Cancer is the biggest killer of dogs over the age of ten, with one in four dogs developing cancer. And it's common in cats too. Veterinary researchers have been working hard to find out how to prevent and treat this challenging issue.
Cancer research has four main areas of focus: diagnosis, prevention, treatment and palliative care.
Diagnosis generally involves taking a biopsy from a suspicious area and having it analysed by a laboratory: techniques for doing this are now easier, cheaper and less invasive.
Prevention is easy in theory: you need to know the cause, and then remove the cause. The challenge is that the cause is not always easy to identify. Broadly, cancer is caused by damage to DNA which then leads to uncontrolled division of abnormal cells. This damaged DNA can be inherited (breed-related) and or acquired.
Inherited cancers are common in some breeds of dog. Flat-Coated Retrievers, Golden Retrievers, Irish Wolfhounds and Labrador Retrievers are affected, with cancer dramatically shortening the average lifespan of some breeds e.g. over 50% of Flat-Coated Retrievers die of cancer, and the average age of this breed is only eight years. For researchers, identifying the specific genetic causes of inherited types of cancer is a key goal. If the specific genes linked to the cancers can be identified, these can be removed by screening the population before breeding from dogs, only breeding from those that do not have the offending gene. This is a very active area of current research.
Acquired cancer is more difficult to prevent: there's a long, long list of known and possible causes of cancer but there are some specific ones that pet owners should know about.
Ultraviolet radiation from sunlight causes malignant squamous cell carcinoma of the ear tips and nose of white cats, because they have no pigment to protect them from the sun. Regular application of sun block to white cats' ears and nose tips prevents this type of cancer.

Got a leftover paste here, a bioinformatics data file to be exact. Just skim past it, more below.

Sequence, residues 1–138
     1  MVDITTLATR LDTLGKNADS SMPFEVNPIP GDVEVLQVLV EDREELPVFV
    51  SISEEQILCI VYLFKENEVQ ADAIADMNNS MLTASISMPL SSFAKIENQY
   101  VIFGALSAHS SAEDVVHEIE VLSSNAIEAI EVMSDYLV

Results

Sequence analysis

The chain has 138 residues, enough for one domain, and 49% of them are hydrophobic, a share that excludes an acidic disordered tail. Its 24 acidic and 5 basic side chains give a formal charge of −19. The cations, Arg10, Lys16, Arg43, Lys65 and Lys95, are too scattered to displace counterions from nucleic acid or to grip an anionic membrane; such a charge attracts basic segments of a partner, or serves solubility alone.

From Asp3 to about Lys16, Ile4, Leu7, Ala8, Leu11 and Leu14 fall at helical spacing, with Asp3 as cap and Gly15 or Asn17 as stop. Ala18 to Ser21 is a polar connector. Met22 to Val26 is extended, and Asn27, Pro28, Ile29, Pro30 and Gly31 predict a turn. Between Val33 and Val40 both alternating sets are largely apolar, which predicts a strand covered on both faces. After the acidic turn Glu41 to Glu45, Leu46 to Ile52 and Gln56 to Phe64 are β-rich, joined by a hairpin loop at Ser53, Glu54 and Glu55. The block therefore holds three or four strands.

Viruses can cause cancer and vaccines can sometimes protect against these, preventing specific cancers. Feline Leukaemia Virus, causing leukaemia in cats, is the best example in pets.
Hormones can have a strong effect on cancer. Repeated exposure of mammary tissue to high levels of oestrogen predisposes to cancer: if a bitch is spayed before her first season, the risk of cancer is reduced by 99.5%. In cats, spaying at any age reduces the risk of mammary tumors by 40% to 60%.
In contrast, early spay/neutering of giant breeds of dog is linked to an increased incidence of osteosarcoma (bone cancer), so it is now recommended to leave these breeds until sexual maturity before doing the operations (e.g. 18 months of age).
Nowadays, vets say that a decision on spay/neuter should be done on an individual basis, depending on the specifics of the pet, to optimise timing.
Chronic inflammation caused by some diseases can lead to cancer e.g. intestinal cancer in pets can follow long term inflammatory bowel disease in some cases. Prompt and effective treatment of such illnesses may reduce the risk of cancer
Finally, inhalation of tobacco smoke is linked to cancer in pets: many pets spend almost 24 hours a day in the house where chemicals and toxins can linger in the air or furniture. So if people stop smoking in their own homes, they reduce the risk of this type of cancer in their pet.
There are four main forms of treatment of cancer.
First, surgery: early excision of cancerous tissue, as well as a wide margin of normal tissue around it, is still the most effective way of treating many cancers.
Second, chemotherapy, with injections and oral medication, has been used for many years to treat cancer. Essentially, these are poisons that selectively act on cells that are dividing rapidly, and since in adult animals, cancer cells are often the main ones that are dividing rapidly, chemotherapy selectively acts on cancer cells. More recent types of chemotherapy include targetted cancer drugs, such as drugs that specifically inhibit cancer growth factors. These are more effective, with fewer side effects compared to traditional chemotherapies. They are already available for specific cancers in dogs such as mast cell tumours and melanomas.
Ionising radiation also kills cells, and irradiation is now used as a carefully focussed, computer-mapped beam to treat certain specific cancers in pets, as in people. This does require expensive facilities, and it is not yet available for pets in Ireland.
Immune based therapies are the most recent and promising type of treatment for cancers are: this includes infusions with special immune cells, therapeutic cancer vaccines against specific cancer antigens and gene therapy, where the damaged genes in cancer cells are replaced by healthy genes
Treatment of cancer is rapidly developing, led by research at universities and other institutions.
For pet owners, the main message is that much more can be done now than in the past. Cancer may be a serious challenge, but science is tackling that challenge in new and exciting ways.